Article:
gravitational wave source GW170817

Last August, a collaboration between the Laser Interferometer Gravitational-Wave Observatory (LIGO) and the Virgo observatory in Italy detected gravitational waves from a neutron star merger that occurred about 138 million light-years away. New research suggests that the collision of these two collapsed star cores is still surprising scientists.

Observations from NASA’s Chandra X-ray Observatory, published Thursday in a study in Astrophysical Journal Letters, reveal how utterly unusual the aftermath of the event has been. The afterglow of the neutron star smashup in question has steadily brightened in recent months, and while researchers don’t have a concrete explanation for the change, they’ve got some pretty compelling ideas.

“Usually when we see a short gamma-ray burst, the jet emission generated gets bright for a short time as it smashes into the surrounding medium — then fades as the system stops injecting energy into the outflow,” the study’s co-author Daryl Haggard, an astrophysicist at McGill University, says in a statement. “This one is different; it’s definitely not a simple, plain-Jane narrow jet.”

NGC 4993
NASA/CXC/McGill/J.Ruan et al.

The researchers have dubbed their leading hypothesis the “cocoon theory,” which, sadly, has nothing to do with caterpillar pods. According to this idea, the collision of the two neutron stars released so much energy that it triggered a jet — and a “cocoon” around it — that could glow in x-rays and radio light. That could explain the unusual observations from the Chandra X-ray Observatory.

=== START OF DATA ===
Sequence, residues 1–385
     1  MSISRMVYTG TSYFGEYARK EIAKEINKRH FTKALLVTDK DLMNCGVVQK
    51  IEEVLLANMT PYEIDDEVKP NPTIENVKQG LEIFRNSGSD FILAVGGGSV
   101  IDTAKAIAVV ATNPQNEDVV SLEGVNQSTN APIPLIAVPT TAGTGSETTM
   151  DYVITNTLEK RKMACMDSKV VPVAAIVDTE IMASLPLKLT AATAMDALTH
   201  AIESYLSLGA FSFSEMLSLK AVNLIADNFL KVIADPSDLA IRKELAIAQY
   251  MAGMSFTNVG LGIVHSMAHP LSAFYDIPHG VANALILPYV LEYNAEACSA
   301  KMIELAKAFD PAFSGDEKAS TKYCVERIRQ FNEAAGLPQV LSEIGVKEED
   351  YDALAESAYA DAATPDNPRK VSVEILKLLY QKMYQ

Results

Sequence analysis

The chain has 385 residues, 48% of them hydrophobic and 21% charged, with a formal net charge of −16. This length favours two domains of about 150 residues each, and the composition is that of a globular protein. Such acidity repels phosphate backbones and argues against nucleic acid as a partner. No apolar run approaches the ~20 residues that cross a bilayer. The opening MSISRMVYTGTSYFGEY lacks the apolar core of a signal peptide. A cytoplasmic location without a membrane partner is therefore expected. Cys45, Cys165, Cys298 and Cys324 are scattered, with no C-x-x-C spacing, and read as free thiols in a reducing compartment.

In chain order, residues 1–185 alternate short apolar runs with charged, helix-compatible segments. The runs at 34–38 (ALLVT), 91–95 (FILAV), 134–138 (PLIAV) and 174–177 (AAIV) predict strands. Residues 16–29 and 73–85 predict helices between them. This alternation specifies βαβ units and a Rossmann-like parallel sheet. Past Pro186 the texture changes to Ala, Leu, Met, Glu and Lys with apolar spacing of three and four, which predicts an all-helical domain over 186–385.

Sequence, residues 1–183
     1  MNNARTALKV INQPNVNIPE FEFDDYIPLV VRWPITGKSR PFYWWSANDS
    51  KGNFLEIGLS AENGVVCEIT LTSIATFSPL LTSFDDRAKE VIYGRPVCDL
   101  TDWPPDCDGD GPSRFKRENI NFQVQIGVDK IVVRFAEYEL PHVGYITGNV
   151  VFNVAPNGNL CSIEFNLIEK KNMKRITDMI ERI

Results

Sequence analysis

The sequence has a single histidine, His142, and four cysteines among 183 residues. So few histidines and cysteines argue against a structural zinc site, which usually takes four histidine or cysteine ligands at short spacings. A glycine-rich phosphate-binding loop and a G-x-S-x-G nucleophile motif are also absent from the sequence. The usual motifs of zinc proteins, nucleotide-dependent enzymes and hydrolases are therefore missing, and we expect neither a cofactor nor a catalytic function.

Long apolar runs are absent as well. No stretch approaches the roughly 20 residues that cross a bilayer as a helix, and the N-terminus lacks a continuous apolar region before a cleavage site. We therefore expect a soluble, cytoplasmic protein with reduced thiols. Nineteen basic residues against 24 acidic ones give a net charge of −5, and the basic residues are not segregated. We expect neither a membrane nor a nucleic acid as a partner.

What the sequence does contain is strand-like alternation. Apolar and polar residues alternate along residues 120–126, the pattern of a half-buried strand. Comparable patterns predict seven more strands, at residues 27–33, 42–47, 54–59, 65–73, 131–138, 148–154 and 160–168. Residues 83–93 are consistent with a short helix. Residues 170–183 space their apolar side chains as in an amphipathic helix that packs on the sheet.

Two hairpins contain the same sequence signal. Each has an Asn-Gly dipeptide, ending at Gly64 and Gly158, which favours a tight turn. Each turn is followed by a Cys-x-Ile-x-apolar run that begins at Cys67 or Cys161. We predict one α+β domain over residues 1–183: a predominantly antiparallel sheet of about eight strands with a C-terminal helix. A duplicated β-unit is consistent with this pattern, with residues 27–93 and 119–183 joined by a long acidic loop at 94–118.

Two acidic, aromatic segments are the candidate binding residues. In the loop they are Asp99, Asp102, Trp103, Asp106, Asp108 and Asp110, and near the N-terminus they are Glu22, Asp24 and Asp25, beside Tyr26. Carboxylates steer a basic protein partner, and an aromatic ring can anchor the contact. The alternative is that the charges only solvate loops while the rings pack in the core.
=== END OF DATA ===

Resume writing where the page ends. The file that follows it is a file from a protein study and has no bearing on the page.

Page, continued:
“This neutron star merger is unlike anything we’ve seen before,” co-author Melania Nynka, a postdoctoral researcher at McGill, says in a statement. “For astrophysicists, it’s a gift that seems to keep on giving.”

This collision marked the first time gravitational waves were detected from a neutron star merger. Gravitational waves — which were first predicted by Albert Einstein in his theory of general relativity — are ripples in the fabric of space-time. Previous gravitational wave detections came from black hole collisions, but overall, detecting gravitational waves is an incredibly recent phenomenon. The first time one of these events was detected was by LIGO back in 2015.

Sure, this neutron star merger is one hell of a mystery. But you have to admit, it’s a pretty good one.

Photos via NASA/CXC/McGill/J.Ruan et al.